"But all those problems are exacerbated by their Blackness, right? Blackness that's persecuted in this country is Blackness that's always under the subjugation of oppression," Chef Tate said. "And so anything that anyone will be dealing with, is just compounded by the racial disparities of being Black in America. So any resource capital that will be available to farmers has historically been denied, just based on the color of (their) skin."
He pointed to the case of Pigford vs. Glickman, in which Timothy Pigford and 400 Black farmers filed a lawsuit in 1997 against the United States Department of Agriculture (USDA) for discriminating against Black farmers when distributing loans and failing to investigate complaints alleging this widespread bias. The USDA settled the lawsuit and compensated more than 16,200 Black farmers, reports Forbes. However, only 371 Black farmers received debt relief. In 2010, the USDA announced a second settlement of $1.25 billion in the Pigford case to compensate the thousands of Black farmers who missed the original deadline to file. Although the Pigford case is the largest discrimination settlement the federal government has ever paid, Black farmers are still plagued by racist policies and practices that do not affect their white counterparts.
Chef Tate and BOMBAY BRAMBLE designed the "Cultivating Community" pop-up dinner series to draw guests' attention to the plight of Black farmers, while also highlighting their network that still exists. Each course spotlighted a "hero ingredient" grown on a nearby Black-owned farm, while the entire pop-up, from the local Black farmers who were honored guests, to the live music, to the decor, to the location on a Black-owned farm in Brooklyn, was a celebration of Black culture. Even the sun cooperated by casting a bronze glow over the dinner guests as it set behind New York City's infamous skyline. To further encourage diverse perspectives in the culinary scene and build an equitable future for Black farmers, BOMBAY BRAMBLE is donating $25,000 to the Black Farmer Fund to help provide financial means and resources to Black-owned farms in the Northeast.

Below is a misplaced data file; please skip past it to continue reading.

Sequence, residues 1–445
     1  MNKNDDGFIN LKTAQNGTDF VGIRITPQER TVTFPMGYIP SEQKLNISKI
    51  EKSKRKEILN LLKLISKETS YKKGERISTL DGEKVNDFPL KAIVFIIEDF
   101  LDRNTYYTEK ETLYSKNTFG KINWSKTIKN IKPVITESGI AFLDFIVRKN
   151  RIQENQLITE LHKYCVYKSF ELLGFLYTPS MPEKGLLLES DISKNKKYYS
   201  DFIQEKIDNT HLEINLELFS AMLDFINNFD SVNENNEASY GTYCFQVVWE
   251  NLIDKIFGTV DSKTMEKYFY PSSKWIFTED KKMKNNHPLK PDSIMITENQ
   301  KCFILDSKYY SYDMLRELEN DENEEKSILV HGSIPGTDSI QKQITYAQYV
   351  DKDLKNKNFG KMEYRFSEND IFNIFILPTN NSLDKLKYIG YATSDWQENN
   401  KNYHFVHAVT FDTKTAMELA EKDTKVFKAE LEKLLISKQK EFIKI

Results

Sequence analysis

The onus to change the systemic and institutional obstacles Black farmers face isn't on Black people in America. "As individuals who are Black, we're dealing with discrimination every day," said Chef Tate.
He suggests individuals support Black farmers by donating to Black farm co-ops, the Black Farmer Fund, or the National Black Farmers Association. He also advises consumers to buy their produce from Black growers at farmers' markets, as well as shopping in Black-owned country stores, which are often legacy foundations and institutions in small towns in the rural South. In addition, Philadelphians and visitors will be able to shop Honeysuckle Provisions, a curated community-focused grocery store and cafe, once it opens in September.
Support isn't always a monetary endeavor, though.
"Support is awareness too," Chef Tate offered. "Many of us knew or understood that the legacy of slavery and slaves is one that has been taught to us in a way that does not benefit the humanity of Black farmers, and (we) reoriented ourselves, in the way that I did, to have an understanding that these people weren't slaves, they were enslaved farmers. You might think of them differently, and go out of your way to find them. You know, it all it all begins with education."